Emergency Vet In Glendale, AZ

Looking for an emergency vet in Glendale, AZ? Search for your nearest animal hospital below.

      List of Emergency Vets in Glendale, AZ

      SUN VALLEY HOPE

      ADDRESS: 5450 West Glenn Drive, Glendale AZ 85301
      TEL: (623) 512-4673
      Sun Valley Hope Animal Hospital was opened in 2011 to serve a growing population of pets that were living a lower quality of lives due to the expense of veterinary medicine combined with the financial restraints of many loving owners and Rescue groups.

      WESTERN ANIMAL HOSPITAL

      ADDRESS: 5110 W Northern Avenue, Glendale AZ 85301
      TEL: (623) 931-2668
      When a pet patient and parent enter our office, their health and well-being becomes our primary concern. Our staff is dedicated to upholding notable veterinary standards to provide your pet with superior care in a welcoming, relaxed environment.


      Arizona

      ARIZONA

      APACHE JUNCTION // AVONDALE // BUCKEYE // CAMP VERDE // CASA GRANDE //
      CHANDLER // CHINO VALLEY // COTTON WOOD // FLAGSTAFF  // FOUNTAIN HILLS //
       GILBERT // GLENDALE // KINGMAN // LAKE HAVASU CITY // MARANA // MARICOPA //
      MESA // ORO VALLEY // PARADISE VALLEY // PAYSON // PEORIA // PHOENIX // PRESCOTT //
      PRESCOTT VALLEY // QUEEN CREEK // SAHUARITA // SAN TAN VALLEY // SCOTTSDALE //
      SEDONA // SHOW LOW // SIERRA VISTA // SURPRISE // TEMPE // TUCSON // YUMA 

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      Signs Your Pet Needs Emergency Care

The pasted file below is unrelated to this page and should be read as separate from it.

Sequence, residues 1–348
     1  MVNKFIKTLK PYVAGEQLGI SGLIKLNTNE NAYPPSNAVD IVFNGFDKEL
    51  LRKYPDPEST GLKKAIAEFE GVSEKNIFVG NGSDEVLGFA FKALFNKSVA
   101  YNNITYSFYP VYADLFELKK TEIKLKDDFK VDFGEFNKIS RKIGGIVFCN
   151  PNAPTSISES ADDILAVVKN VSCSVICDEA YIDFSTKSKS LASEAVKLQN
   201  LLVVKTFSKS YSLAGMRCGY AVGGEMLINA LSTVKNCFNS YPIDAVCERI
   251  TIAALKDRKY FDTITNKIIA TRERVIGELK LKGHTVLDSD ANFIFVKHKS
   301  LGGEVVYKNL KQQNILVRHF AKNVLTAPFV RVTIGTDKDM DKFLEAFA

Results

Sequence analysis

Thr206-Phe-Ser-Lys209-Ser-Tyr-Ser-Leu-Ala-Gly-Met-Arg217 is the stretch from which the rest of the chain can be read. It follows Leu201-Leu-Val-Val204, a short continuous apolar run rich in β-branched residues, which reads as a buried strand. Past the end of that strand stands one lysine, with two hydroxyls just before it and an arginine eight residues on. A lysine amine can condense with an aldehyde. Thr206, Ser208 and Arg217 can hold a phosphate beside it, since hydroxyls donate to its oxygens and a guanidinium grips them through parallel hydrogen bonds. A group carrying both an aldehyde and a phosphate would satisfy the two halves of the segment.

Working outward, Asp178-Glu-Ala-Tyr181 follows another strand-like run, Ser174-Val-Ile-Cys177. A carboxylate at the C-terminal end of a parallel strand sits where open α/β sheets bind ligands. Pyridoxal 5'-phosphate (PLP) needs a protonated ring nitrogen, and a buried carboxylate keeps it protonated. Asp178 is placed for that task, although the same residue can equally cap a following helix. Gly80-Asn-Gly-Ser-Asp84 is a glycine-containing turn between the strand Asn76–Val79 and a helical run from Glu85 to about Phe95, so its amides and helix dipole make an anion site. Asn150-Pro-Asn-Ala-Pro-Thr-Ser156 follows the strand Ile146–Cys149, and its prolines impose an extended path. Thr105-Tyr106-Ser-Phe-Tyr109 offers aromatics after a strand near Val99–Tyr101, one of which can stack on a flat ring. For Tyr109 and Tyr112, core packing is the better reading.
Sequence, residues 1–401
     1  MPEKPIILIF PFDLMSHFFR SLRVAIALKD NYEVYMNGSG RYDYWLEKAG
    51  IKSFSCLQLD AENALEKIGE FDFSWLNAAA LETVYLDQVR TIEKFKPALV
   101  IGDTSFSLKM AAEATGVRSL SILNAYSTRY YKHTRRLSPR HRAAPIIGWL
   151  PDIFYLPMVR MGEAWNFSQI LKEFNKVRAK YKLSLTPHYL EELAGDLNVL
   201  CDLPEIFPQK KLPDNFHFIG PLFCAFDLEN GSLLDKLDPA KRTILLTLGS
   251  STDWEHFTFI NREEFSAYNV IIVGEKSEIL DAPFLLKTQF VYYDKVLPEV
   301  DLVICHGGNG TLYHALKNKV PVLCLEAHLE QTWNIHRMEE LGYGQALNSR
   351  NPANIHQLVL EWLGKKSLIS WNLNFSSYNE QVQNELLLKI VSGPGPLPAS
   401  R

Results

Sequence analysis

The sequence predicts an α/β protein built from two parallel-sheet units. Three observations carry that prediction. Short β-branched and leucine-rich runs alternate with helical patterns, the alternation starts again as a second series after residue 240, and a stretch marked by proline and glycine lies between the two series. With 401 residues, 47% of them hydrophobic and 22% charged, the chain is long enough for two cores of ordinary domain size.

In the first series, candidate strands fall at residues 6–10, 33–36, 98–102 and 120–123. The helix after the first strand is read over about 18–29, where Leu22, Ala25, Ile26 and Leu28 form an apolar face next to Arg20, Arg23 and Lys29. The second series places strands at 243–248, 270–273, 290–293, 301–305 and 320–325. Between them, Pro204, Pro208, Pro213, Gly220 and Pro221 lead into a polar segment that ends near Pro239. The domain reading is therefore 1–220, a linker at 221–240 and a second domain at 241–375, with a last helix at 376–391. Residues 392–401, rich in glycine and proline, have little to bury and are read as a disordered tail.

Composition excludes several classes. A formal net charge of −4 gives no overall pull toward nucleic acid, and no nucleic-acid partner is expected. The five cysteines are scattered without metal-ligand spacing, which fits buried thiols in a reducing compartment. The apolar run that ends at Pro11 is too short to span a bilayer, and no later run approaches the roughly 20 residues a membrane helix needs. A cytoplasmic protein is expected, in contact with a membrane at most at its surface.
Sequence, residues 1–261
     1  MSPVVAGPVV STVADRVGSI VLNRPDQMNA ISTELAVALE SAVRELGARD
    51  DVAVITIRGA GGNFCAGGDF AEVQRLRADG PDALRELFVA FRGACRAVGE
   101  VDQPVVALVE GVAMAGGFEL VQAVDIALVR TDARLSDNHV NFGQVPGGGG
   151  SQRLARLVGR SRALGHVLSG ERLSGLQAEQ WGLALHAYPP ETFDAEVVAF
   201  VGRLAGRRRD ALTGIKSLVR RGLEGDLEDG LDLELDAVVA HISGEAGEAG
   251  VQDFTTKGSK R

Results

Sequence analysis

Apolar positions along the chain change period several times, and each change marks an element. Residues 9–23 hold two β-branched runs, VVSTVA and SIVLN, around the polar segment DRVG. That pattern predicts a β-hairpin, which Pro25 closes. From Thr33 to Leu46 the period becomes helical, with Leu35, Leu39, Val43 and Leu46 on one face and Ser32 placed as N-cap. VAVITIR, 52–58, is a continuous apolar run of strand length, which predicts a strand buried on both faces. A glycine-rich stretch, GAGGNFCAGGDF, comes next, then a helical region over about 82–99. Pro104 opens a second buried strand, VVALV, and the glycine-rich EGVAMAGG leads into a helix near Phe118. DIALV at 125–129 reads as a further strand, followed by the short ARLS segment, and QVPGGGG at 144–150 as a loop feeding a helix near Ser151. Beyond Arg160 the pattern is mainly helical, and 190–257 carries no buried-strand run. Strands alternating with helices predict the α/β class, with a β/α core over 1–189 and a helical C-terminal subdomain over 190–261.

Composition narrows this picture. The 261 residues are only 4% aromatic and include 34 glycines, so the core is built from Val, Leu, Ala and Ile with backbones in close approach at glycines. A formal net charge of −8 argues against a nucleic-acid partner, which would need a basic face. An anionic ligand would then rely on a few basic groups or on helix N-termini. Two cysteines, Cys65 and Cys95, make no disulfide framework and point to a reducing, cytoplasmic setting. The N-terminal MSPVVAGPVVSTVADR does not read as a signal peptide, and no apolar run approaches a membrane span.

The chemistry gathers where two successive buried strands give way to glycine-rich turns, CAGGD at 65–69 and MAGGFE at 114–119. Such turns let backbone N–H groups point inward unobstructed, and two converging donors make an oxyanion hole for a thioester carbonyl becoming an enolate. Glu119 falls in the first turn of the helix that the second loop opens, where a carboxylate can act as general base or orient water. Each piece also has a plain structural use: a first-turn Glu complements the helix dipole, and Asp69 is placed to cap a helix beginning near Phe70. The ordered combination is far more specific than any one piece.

Has your pet experienced some kind of trauma and in need in emergency care? Here are some of the signs to look when determining whether your pet needs an emergency vet:

      • Pale gums
      • Rapid breathing
      • Weak or rapid pulse
      • Change in body temperature
      • Difficulty standing
      • Apparent paralysis
      • Loss of consciousness
      • Seizures
      • Excessive bleeding

      How To Handle Your Injured Pet

      It is possible that your pet can act aggressively when they’ve been injured. It’s important to be careful how you handle them for their safety and your own.

      For Dogs:

      • Be calm and go slow when approaching.
      • If your dog appears aggressive, get someone to help you.
      • Fashion a makeshift stretcher and carefully lift your dog onto it.
      • Support their neck and back as you move them in case of spinal injuries.

      For Cats:

      • Cover your cats head gently with a towel, to prevent them from biting you.
      • Very carefully, lift your cat into its carrier or a box.
      • Support their neck and back as you move them in case of spinal injuries.

      First Aid Treatment At Home

      Depending on the situation, there are some actions you can take at home to stabalize your pet before transporting them to an emergency vet.

      Bleeding:

      • If your pet is bleeding externally due to a trauma, apply pressure to the wound quickly and hold it there.
      • If possible, elevate the injury.

      Choking:

      • If your pet is choking on a foreign object, put your fingers in their mouth and try to remove the blockage.
      • If you’re unable to remove the blockage, perform a modified version of the Heimlich manouver by giving a sharp blow to their chest.

      CPR:

      • If your pet is unconcious and unresponsive, you may need to perform CPR.
      • First, check if your pet is breathing and if they have a heartbeat. If you cannot find either, start chest compressions.
      • Perform 30 chest compressions followed by two rescue breaths. Repeat this until your pet starts breathing on their own again.
      • To give a rescue breath, close your pets mouth and extend their neck to open the airway. Place your mouth over your pets nose and exhale until you see your pets chest rise.
      • Check for a heartbeat every 2 minutes.
      • Continue giving your pet CPR until you reach an emergency vet.